Gurkha–Sikh War

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Gurkha-Sikh War
DateMarch 1809- August 1809
LocationKangra fort
Result Sikh Victory.[1]
Sikh Empire flag.jpg Sikh Empire Flag of Nepal (19th century-1962).svg Nepal
Commanders and leaders
Sikh Empire flag.jpg Maharaja Ranjit Singh Flag of Nepal (19th century-1962).svg Amar Singh Thapa

The Gurkha-Sikh War was a small conflict between the forces of Maharaja Ranjit Singh (Sikh Empire) and the Gurkha Army in 1809.[2]

Conquest of Kangra fort[edit]

The Maharaja recalled Diwan Mohkam Chand from the Kangra expedition in March 1809 and directed him to reach Phillaur. After settlement of affairs with the British government, Maharaja Ranjit Singh again turned his attention towards Kangra. The Gurkha general Amar Singh Thapa with a large army had been at war for quite some time with Raja Sansar Chand in the Kangra valley and had besieged the fort of Kangra. Sansar Chand lost hope for life. Therefore, he sent his brother Fateh Singh to the Maharaja to seek help. The Maharaja demanded the possession of the fort of Kangra in return for help; to which Sansar Chand agreed. The Maharaja set-out with full preparations and reached Kangra accompanied by a large army by the end of May. All the feudal chiefs were present with their respective militias. According to Munshi Sohan Lal's estimate there were about one hundred thousand horse and foot with the Maharaja at that time. The hill Chiefs who were well- acquainted with the routes of the hilly terrain were ordered to block all passages so as to stop all means of procurement of provisions and equipment for the Gorkha army.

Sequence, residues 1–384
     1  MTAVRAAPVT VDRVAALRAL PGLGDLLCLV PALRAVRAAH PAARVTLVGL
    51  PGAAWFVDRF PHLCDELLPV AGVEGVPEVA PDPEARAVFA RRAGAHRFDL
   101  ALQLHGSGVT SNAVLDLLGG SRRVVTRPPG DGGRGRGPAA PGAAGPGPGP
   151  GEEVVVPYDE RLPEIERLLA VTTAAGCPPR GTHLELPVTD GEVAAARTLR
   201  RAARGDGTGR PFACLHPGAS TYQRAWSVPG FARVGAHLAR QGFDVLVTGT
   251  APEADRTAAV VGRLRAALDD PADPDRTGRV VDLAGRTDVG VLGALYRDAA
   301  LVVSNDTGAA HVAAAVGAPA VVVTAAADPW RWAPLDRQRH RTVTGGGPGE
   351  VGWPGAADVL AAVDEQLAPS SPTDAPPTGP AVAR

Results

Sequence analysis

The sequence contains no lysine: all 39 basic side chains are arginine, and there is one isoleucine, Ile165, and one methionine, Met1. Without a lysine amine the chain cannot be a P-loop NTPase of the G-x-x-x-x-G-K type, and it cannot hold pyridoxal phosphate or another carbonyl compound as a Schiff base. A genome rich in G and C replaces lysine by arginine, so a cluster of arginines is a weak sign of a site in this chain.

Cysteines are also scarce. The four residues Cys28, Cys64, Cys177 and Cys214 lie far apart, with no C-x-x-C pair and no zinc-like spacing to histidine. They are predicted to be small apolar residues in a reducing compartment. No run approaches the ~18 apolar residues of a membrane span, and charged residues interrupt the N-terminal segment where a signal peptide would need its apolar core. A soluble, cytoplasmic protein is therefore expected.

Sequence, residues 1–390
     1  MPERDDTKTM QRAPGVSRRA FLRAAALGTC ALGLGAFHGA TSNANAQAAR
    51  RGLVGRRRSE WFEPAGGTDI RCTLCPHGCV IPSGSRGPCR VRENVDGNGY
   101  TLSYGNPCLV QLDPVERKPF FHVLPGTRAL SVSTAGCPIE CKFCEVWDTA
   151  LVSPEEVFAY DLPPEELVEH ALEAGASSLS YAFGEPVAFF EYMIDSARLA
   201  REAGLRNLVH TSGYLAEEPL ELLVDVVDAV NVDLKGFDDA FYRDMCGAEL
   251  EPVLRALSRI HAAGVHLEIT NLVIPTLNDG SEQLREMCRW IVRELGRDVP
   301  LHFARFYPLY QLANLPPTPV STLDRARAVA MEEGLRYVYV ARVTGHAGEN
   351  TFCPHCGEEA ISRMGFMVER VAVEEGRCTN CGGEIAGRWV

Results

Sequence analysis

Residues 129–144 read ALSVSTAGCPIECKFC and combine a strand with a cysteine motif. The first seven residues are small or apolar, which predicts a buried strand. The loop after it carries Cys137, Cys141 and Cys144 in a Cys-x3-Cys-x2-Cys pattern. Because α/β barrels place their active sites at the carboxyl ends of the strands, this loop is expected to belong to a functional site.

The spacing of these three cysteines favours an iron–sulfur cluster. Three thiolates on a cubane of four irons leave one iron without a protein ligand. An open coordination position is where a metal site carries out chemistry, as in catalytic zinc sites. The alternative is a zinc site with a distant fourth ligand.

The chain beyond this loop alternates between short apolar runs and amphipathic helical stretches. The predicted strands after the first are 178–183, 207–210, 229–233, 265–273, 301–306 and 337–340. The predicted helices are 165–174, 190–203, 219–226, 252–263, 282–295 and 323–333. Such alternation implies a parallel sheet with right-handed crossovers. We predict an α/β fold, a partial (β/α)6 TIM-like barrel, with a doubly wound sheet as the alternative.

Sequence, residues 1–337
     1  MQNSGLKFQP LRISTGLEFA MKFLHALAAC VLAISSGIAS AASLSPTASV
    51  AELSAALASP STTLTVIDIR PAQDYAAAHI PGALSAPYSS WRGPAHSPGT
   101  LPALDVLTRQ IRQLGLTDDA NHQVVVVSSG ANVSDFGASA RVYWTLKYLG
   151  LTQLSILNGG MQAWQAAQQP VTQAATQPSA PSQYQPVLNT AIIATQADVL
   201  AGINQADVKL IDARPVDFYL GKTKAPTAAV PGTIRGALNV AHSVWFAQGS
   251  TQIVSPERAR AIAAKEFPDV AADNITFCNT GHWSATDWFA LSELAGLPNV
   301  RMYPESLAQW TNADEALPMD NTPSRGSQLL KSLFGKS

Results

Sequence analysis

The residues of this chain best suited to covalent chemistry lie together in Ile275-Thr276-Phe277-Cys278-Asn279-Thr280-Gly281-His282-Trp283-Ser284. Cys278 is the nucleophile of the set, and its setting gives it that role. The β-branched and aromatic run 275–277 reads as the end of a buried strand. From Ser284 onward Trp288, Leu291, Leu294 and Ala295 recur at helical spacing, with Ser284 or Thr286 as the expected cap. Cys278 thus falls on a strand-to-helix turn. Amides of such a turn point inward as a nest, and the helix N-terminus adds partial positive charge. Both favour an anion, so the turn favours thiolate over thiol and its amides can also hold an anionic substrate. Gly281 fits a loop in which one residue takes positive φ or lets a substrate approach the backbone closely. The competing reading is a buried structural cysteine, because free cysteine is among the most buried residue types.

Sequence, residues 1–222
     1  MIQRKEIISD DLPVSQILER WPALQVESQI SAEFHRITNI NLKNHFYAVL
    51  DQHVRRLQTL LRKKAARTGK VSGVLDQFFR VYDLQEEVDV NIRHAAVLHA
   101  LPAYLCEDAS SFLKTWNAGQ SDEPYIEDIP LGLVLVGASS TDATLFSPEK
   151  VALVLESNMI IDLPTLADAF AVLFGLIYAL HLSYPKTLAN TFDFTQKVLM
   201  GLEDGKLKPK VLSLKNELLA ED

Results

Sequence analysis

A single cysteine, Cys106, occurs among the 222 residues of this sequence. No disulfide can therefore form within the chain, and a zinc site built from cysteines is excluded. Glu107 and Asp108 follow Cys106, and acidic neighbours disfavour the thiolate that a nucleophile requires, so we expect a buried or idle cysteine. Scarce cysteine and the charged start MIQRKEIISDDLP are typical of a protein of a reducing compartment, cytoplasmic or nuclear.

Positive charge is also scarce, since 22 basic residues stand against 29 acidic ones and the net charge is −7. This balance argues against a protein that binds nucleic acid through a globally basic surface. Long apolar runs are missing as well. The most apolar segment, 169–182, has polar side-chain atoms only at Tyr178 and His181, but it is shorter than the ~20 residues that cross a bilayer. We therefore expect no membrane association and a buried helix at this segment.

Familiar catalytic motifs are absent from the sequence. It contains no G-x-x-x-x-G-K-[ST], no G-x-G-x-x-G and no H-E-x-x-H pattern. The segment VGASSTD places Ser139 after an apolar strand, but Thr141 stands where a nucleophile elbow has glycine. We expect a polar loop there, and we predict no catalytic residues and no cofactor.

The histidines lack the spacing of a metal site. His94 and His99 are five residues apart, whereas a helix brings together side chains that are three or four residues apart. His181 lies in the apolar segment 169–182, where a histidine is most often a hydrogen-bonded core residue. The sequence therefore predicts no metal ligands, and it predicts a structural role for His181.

War with the gurkha army[edit]

Supply routes of the Gurkha army had been closed since the last few days. The Maharaja finding an opportune time launched an attack and occupied their positions about a mile (1.06 km.) in front of the fort. A pitched battle ensued. The Gurkhas fought dauntlessly. Four or five officers and a few sepoys of the Khalsa army were killed, but the Gurkhas had to retreat. Thereafter, they gave a pitched battle near the Ganesh Valley. The Maharaja sent another army division there. The Gurkhas had made elaborate preparations in order to rub the blot of their former defeat and to restore their national honour. A fierce bloody battle took place. After the artillery fire abated, hand to hand swordy duels followed. Both the sides demonstrated their skills with equal valour. Suddenly the Gurkhas pushed their feet back and The Sikhs carried the day.

The end of the campaign[edit]

Though the Sikhs suffered heavy losses during this war they managed to hold their fort.


  1. ^ Raj Pal Singh (2004). The Sikhs : Their Journey Of Five Hundred Years. Pentagon Press. p. 139 & 140. ISBN 9788186505465.
  2. ^ Henry Thoby Prinsep (2011). Origin of the Sikh Power in the Punjab, and Political Life of Muha-Raja Runjeet Singh. Cambridge University Press. pp. 152–161. ISBN 978-1-108-02872-1.